Politics. War. A hidden Mage school. Dragons. Did I enjoy The Floating Islands by Rachel Neumeier? How could I not?
When Trei loses his family in a tragic disaster, he must search out distant relatives in a new land. The Floating Islands are unlike anything Trei has ever seen: stunning, majestic, and graced with kajurai, men who soar the skies with wings. Trei is instantly sky-mad, and desperate to be a kajurai himself. The only one who fully understands his passion is Araene, his newfound cousin. Prickly, sarcastic, and gifted, Araene has a secret of her own . . . a dream a girl cannot attain. Trei and Araene quickly become conspirators as they pursue their individual paths. But neither suspects that their lives will be deeply entwined, and that the fate of the Floating Islands will lie in their hands.
The Floating Islands is the story of both Trei and Araene, told in third person limited, going back and forth between them with each chapter. Both Trei and Araene are strong protagonists and each is in a position that raises interesting questions and problems. Through Trei we are told the story of a boy of mixed nationality, not completely one or the other, never truly belonging. His story is about loyalty and the struggle of continuously feeling the need to prove oneself. Through Araene we get a story of a girl who feels trapped in others' expectations for her. She wants a life that society deems is not proper for her so she feels she must choose between suppressing her passions and conforming in misery or in being something she isn't to achieve the life she wants. In addition there are strong themes of friendship, honor, sacrifice and family. The decisions Trei and Araene have to make are not about absolute right or wrong but nuanced and difficult to judge. I liked the way there was no real good/evil battle, but a very real depiction of the politics and considerations of national autonomy and empirical expansion. All of this is set against a world that is fully realized. It has a Greco-Roman feel to it but there is also quite a bit that is reminiscent of Asian culture.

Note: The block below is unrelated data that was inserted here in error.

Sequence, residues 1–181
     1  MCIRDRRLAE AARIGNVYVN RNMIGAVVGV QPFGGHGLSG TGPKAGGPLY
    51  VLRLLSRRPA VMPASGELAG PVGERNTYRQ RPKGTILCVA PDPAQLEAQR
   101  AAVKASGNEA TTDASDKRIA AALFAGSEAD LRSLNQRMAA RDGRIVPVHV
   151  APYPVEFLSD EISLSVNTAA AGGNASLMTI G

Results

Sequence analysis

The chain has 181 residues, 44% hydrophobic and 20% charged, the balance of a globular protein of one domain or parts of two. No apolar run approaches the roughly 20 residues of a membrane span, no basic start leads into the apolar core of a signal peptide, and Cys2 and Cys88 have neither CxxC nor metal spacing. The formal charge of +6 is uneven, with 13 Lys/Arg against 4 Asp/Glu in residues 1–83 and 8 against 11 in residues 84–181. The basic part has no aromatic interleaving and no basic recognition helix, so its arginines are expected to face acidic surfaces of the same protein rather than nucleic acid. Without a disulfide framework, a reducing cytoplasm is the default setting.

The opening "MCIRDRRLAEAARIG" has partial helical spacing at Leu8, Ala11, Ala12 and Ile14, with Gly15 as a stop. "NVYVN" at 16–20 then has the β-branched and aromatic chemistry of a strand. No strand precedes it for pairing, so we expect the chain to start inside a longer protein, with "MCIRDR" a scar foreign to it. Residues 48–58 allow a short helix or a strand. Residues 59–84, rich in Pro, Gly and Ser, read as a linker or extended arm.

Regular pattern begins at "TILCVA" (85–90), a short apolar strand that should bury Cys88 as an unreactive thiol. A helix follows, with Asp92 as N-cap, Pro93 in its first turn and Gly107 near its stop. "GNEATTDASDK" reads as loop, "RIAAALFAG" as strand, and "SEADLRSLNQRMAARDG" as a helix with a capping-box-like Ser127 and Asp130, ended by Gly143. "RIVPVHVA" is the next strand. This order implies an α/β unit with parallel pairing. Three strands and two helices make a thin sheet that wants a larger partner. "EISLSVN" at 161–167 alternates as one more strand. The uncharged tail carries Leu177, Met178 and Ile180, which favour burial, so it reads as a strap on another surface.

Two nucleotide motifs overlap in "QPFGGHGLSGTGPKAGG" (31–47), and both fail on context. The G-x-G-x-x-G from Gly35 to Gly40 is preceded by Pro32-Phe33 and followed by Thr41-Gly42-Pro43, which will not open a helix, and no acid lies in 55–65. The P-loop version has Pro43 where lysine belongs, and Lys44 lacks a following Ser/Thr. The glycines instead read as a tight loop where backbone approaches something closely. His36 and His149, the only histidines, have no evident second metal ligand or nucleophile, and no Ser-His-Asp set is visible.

My only quibble is that often the inner conflicts of both main characters lasted a bit long. Do I or don't I? Is it right or wrong? Should I do this or would that work better? I was frustrated at times to the point of wanting to yell, "Make a decision already!" I wouldn't have minded so much if at times these inner conflicts weren't a tad didactic. This wasn't enough to truly depreciate my overall enjoyment though.
This is isn't a book for everyone. You have to be a patient reader and one who doesn't mind characters veering into technical discussions on how things work in their world. This would be a good book for any one who has enjoyed Sarah Prineas's Magic Thief books or Hilari Bell's Farsala Trilogy.